Thursday, February 25, 2010

Unemployment's Snow Problem

The bad weather last month on the east coast may throw off the unemployment numbers for Feburary, Floyd Norris explains:
Both the household survey (which produces the unemployment rate) and the employer survey (which produces the job count) ask about workers in the week during which the 12th of the month fell.

For February, that was the week of the 7th to the 13th. There were blizzards on the East Coast the previous weekend, and again during the week.

That means that a lot of people who had jobs may report they did not work during the week, and companies may say they had fewer people on the payroll than they would have cited a week earlier or later. If so, we may get a truly horrid job number.

The Bureau of Labor Statistics employment situation summary for February is due out March 5.

Friday, February 19, 2010

Job Creation Tax Credit

One likely element of the second (or is it third?) stimulus jobs bill being kicked around in Washington is a tax credit for new hiring. Brad DeLong is circulating an economists' letter supporting the idea which says:
A well-designed temporary and incremental hiring tax credit is a cost-effective way to create jobs, and could work well in the current environment. At a time when GDP is beginning to rise and demand is starting to return, private firms are likely to respond to such a tax incentive by hiring sooner and more aggressively than they otherwise would have done. Such a credit could thus help put Americans back to work more quickly than otherwise. And by targeting firms that are growing, such a tax credit supports the businesses most likely to lead the recovery of employment.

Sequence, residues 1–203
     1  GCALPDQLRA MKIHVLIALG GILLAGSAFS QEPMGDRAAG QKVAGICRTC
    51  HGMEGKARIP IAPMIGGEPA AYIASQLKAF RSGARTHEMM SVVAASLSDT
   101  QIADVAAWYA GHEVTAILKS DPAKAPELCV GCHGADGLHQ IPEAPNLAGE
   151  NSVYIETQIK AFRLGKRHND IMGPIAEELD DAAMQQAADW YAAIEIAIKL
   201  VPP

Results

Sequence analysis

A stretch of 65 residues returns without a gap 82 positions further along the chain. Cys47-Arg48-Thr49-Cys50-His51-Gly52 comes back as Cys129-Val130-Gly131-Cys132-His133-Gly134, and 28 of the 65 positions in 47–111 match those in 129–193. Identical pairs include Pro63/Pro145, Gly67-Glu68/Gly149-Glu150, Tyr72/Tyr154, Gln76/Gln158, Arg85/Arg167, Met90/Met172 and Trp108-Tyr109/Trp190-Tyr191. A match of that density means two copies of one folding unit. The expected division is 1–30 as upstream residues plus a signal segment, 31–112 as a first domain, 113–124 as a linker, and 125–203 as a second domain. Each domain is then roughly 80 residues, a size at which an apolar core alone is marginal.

In the Washington Post, Alan Blinder explains how to do it. Howard Gleckman, who is skeptical of the idea in general, says that the administration's version is much better than the proposal by Senators Hatch and Schumer.

Tuesday, February 16, 2010

Move That Target?

One of the lessons of the global recession may be that central banks should target a higher level of inflation in normal times, says the IMF's Olivier Blanchard:
As a matter of logic, higher average inflation and thus higher average nominal interest rates before the crisis would have given more room for monetary policy to be eased during the crisis and would have resulted in less deterioration of fiscal positions. What we need to think about now if whether this could justify setting a higher inflation target in the future.
Hmmm... like I said two years ago.

Paul Krugman approves: "I’m not that surprised that Olivier should think that; I am, however, somewhat surprised that the IMF is letting him say that under its auspices. In any case, I very much agree." Free Exchange explores the idea further.

As I discussed here, one of the difficulties in raising inflation targets would be maintaining monetary policy credibility in the face of doubts that such a shift would simply be a disguised means of using inflation to diminish the real value of debt.